- Vermilion Voice
Local Woman Runs The Boston Marathon
Local teacher, Susanna Pankiw from Marwayne, described taking part in the Boston Marathon this year on April 17 as “an unforgettable amazing experience!”
Finishing the 42.2 kilometer run with a time of 5 hours 24 minutes Pankiw said she wasn’t used to the heat after training in the cold high minus temperatures all winter in Alberta.
Boston Marathon Finishing Medal
Local teacher, Susanna Pankiw from Marwayne, crosses the finish line in Boston with her medal.
“I wasn’t used to the heat. I had stomach issues unfortunately, and if they did not have portaloo and water stations along the way, I don’t think I would have been able to finish the race.
The hill at the 18th mile was one I will never forget; I thought it would never end. There was a sea of runners in front of me and a sea of runners behind me. The atmosphere was incredible, there were people supporting and cheering me on the whole way!” said Pankiw.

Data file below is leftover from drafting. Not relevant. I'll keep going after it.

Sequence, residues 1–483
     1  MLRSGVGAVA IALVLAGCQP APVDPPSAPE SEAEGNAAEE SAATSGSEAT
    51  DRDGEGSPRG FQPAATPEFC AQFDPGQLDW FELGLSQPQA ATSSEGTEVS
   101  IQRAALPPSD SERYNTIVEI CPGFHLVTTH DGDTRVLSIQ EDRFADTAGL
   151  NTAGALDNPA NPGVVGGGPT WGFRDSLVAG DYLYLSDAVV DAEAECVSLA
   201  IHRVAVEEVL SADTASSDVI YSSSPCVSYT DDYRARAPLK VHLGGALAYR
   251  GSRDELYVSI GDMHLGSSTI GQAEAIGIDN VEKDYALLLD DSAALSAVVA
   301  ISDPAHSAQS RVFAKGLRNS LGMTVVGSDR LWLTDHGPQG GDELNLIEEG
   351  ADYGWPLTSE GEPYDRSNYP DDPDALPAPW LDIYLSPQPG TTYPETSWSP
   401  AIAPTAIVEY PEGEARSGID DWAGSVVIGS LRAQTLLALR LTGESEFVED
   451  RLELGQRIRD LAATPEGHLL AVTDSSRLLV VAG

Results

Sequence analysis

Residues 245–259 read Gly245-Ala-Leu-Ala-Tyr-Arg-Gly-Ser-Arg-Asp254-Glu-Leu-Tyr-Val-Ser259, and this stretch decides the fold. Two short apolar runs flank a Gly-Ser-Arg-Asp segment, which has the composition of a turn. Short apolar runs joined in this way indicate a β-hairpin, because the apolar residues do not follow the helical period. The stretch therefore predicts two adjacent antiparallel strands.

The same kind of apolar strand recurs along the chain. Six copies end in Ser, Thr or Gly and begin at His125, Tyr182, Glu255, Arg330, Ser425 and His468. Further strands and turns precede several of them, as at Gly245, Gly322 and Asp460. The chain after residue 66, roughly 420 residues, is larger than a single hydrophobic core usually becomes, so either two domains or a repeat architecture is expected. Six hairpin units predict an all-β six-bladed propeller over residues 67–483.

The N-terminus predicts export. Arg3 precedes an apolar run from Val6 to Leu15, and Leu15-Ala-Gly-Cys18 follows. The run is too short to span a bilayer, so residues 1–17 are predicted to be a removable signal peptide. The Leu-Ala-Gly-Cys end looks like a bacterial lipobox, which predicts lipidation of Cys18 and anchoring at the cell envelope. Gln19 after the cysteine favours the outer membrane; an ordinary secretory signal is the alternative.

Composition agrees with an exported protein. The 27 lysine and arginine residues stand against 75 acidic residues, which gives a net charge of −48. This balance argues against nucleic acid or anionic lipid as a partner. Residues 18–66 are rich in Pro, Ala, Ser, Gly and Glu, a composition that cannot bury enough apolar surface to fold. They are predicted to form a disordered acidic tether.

Pankiw, who is a mom, a teacher, and a writer, says she was inspired to do the marathon to help inspire women to have fun while getting fit.
Pankiw says she plans to run more marathons in the future and that it was an honour to run next to Kathrine Switzer as part of her group 261 Fearless.
In 1967, Switzer became the first woman to run the Boston Marathon as the numbered entry 261. During her run, the race official attempted to stop Switzer and grab her official bib; however, he was shoved to the ground by Switzer's boyfriend, who was running with her, and she completed the race. It was not until 1972 that women were allowed to run the Boston Marathon officially.
261 Fearless is a global community of women who have found strength, power, and fearlessness from putting one foot in front of the other.
“I was very sore afterward, thankfully my husband and I stayed on in Boston for three days after the run, and we did a lot of walking exploring the beautiful city. The walking was really good for my legs; I heard that some people had to get a plane the next day and their legs just seized up,” said Pankiw.